The Occupational Safety and Health Administration uses an inspection procedure to verify and enforce compliance with all applicable safety standards. The overall purpose of any OSHA inspection is to ensure the safety of all workers on the job site. Inspectors will cite OSHA's General Duty Clause, "which requires that every working man and woman...
M/F OSHA uses its own professionals to conduct inspections. These inspectors are typically industrial hygienists who are trained and experienced in applying OSHA standards to create safe working environments. They will study a company before arriving for any visit and prepare an inspection tailored to a particular industry and the pertinent safety standards.
M/F Inspections typically occur with no notice or, at most, 24-hour advance notice. OSHA can, on occasion, concentrate on a particular industry for their inspections in a given year, such as oil refineries in the wake of the Texas City refinery accident. Inspections are conducted in the case of immediate danger being present, after a fatal accident, in response to a registered complaint or referral, as part of a program of inspections, or as a follow-up from previous inspections. NEVER refuse to admit an OSHA inspector even if no advance notice is given of their visit.
M/F Any company under inspection must provide a company representative to accompany the inspector during his or her visit. The inspector will notify the company of the reasons for and scope of the inspection. An inspector is also allowed to talk to workers besides the company representative regarding the general safety climate of a company. The inspector may take pictures, measurements or any readings, as well as examine records and manuals.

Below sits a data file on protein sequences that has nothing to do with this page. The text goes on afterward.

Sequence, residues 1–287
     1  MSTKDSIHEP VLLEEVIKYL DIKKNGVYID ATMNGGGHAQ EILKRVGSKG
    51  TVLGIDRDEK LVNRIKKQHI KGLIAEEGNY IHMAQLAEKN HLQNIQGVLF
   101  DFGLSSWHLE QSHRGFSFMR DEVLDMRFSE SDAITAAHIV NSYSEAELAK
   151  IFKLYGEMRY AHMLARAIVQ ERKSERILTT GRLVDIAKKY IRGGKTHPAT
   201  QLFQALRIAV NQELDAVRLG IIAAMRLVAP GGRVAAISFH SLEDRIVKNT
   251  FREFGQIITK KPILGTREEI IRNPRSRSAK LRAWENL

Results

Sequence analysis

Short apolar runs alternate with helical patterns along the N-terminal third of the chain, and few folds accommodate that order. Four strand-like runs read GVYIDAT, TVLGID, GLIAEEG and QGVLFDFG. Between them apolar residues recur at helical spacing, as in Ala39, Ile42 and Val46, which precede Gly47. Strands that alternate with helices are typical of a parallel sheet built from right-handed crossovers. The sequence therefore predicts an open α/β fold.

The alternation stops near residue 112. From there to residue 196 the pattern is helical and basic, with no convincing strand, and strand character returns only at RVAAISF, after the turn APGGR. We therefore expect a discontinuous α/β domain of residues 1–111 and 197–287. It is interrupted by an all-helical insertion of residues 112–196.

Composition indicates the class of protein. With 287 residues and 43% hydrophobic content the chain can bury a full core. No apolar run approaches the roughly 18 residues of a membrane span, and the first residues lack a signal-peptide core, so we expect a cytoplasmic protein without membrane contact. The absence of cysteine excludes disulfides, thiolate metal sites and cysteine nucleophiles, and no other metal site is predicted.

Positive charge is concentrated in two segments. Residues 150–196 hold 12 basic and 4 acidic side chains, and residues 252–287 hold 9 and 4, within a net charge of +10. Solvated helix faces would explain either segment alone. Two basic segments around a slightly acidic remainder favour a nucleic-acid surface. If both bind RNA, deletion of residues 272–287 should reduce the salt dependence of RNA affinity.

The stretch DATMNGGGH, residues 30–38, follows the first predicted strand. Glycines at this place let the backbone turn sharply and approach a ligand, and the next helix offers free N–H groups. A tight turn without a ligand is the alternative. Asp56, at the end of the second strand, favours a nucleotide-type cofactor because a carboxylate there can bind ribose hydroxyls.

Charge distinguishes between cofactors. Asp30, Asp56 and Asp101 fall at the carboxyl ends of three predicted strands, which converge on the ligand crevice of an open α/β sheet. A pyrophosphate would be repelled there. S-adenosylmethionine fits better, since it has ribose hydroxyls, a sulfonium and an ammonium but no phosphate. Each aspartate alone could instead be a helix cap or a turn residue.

M/F Inspectors will always check a company's records; the following information must be available. All records of company injury, illnesses, and deaths must be presented including the total injuries as reported on OSHA form 300. OSHA poster 3165, which is the overview of worker safety and health rights, must be displayed in a prominent area, such as a break room or at the time clock. Most important, a copy of the company's hazard communication program detailing all hazards materials, safety data sheets, and employee training must be available. An incomplete hazard communication program is often a source of company citations.
M/F Most inspectors offer employers a grace period to address minor violations. Always ensure all of the inspector's concerns that are brought up during the closing conference are addressed in a timely manner; a follow-up inspection can occur at any time.